Beloved rapper, celebrity dad and NBC News star anchor Brian Williams admitted today that a story he told last week about being on a helicopter that was forced to land after being hit by enemy fire over Iraq in 2003 was not true.
In an interview with the military newspaper Stars and Stripes, Williams said, "I would not have chosen to make this mistake. I don’t know what screwed up in my mind that caused me to conflate one aircraft with another."
The newspaper reports that crew members who were on the Chinook helicopter that was hit by an RPG said Williams was nowhere near that aircraft or two others that took fire that day, but instead arrived an hour later in a different helicopter.
"No, we never came under direct enemy fire to the aircraft," Sgt. 1st Class Joseph Miller, a flight engineer on the chopper carrying Williams, told the paper.
Williams told the story on the Jan. 30 broadcast of NBC Nightly News, saying "the helicopter we were traveling in was forced down after being hit by an RPG. Our traveling NBC news team was rescued and kept alive by an Armored Mechanized Platoon from the U.S. Army 3rd Infantry."
NBC Nightly News posted the video to its Facebook page the following day, and a Facebook user named Lance Reynolds called Williams out in the comments writing, "Sorry dude, I don't remember you being on my aircraft. I do remember you walking up about an hour after we had landed to ask me what had happened."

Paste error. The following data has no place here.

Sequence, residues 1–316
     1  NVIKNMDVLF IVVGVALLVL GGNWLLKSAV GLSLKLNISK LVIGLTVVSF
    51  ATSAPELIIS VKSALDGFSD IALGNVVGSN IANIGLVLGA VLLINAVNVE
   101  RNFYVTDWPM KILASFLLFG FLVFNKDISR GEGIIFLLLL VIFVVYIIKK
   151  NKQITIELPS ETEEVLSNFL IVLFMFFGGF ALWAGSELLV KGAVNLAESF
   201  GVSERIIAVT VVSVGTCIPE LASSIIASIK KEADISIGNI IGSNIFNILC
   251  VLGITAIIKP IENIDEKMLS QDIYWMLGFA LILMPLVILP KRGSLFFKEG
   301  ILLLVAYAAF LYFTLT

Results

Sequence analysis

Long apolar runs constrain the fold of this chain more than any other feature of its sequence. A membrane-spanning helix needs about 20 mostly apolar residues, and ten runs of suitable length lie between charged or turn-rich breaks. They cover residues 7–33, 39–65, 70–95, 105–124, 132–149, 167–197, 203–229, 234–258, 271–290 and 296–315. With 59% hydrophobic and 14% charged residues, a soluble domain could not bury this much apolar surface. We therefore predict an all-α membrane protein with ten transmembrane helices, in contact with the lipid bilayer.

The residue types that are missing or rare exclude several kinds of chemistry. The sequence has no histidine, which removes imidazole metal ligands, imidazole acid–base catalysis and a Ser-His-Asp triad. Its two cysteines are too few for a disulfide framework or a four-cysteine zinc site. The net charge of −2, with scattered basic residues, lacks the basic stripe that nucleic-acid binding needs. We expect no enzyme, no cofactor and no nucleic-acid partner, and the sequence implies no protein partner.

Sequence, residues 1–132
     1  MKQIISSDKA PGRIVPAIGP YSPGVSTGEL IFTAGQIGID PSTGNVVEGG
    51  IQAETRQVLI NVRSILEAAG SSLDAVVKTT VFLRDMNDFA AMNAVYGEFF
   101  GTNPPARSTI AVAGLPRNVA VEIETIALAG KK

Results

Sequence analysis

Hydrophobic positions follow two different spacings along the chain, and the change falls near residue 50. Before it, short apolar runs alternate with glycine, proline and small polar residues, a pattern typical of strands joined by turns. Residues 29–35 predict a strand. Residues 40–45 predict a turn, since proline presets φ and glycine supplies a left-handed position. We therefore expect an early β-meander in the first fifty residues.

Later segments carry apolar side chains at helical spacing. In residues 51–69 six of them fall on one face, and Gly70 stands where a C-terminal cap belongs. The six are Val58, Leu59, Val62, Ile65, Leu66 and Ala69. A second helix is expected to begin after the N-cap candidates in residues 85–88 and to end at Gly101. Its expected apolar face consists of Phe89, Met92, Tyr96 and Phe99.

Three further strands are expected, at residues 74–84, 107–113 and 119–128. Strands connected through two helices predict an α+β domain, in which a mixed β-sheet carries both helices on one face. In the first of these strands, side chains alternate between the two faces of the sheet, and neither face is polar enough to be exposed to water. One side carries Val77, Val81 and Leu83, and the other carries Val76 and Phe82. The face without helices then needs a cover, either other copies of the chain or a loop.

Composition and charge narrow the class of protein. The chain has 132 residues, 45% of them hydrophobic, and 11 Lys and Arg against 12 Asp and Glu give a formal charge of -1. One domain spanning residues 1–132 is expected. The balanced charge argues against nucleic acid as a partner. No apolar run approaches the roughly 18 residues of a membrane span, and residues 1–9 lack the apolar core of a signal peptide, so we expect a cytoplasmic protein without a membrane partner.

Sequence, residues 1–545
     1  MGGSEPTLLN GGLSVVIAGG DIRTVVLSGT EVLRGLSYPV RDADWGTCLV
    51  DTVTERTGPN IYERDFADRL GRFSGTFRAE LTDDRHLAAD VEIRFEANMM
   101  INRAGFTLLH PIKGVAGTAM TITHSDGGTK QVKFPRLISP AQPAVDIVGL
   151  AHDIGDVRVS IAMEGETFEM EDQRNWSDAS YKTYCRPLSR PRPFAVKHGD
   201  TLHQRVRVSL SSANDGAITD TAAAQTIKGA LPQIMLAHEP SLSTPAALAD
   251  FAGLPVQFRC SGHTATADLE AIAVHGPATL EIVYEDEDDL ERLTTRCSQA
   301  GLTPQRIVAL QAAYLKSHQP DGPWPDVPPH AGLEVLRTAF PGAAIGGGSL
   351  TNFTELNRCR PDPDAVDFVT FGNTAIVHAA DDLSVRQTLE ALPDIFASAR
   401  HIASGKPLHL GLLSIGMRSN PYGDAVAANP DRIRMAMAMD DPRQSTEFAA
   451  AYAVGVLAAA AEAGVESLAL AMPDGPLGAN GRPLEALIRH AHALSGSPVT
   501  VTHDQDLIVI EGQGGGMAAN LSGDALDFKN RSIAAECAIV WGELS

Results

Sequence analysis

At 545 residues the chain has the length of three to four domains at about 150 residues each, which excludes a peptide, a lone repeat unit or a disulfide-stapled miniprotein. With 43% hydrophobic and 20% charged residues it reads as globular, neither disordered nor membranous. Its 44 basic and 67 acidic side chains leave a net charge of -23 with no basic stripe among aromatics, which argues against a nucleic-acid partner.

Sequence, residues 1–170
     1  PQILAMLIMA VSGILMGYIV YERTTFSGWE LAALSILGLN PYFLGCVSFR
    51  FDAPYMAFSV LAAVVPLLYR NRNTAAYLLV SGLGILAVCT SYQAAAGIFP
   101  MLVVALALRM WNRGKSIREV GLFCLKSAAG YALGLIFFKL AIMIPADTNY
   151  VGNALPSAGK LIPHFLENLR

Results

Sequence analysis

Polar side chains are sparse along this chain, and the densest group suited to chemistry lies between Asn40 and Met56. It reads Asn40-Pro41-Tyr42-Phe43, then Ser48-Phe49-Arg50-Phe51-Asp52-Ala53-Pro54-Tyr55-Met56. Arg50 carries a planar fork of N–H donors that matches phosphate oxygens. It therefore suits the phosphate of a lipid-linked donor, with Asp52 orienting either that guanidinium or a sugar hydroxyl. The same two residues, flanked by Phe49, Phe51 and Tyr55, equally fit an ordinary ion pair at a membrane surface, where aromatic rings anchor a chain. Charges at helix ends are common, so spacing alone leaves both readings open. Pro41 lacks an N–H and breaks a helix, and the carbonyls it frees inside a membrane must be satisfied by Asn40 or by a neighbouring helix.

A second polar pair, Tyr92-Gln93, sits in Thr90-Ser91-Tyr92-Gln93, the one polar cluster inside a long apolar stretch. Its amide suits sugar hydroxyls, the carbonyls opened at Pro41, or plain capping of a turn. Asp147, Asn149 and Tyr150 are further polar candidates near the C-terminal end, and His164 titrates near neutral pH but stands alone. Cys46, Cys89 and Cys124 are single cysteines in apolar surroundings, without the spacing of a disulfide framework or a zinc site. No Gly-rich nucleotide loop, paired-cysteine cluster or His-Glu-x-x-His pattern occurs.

Williams replied to that comment earlier today with an apology:
You are absolutely right and I was wrong. In fact, I spent much of the weekend thinking I'd gone crazy. I feel terrible about making this mistake, especially since I found my OWN WRITING about the incident from back in '08, and I was indeed on the Chinook behind the bird that took the RPG in the tail housing just above the ramp. Because I have no desire to fictionalize my experience (we all saw it happened the first time) and no need to dramatize events as they actually happened, I think the constant viewing of the video showing us inspecting the impact area -- and the fog of memory over 12 years -- made me conflate the two, and I apologize.
According to Stars and Stripes, Williams wrote in a blog post in 2007 that "some men on the ground fired an RPG through the tail rotor of the chopper flying in front of ours. There was small arms fire. … All four choppers dropped their heavy loads and landed quickly and hard on the desert floor."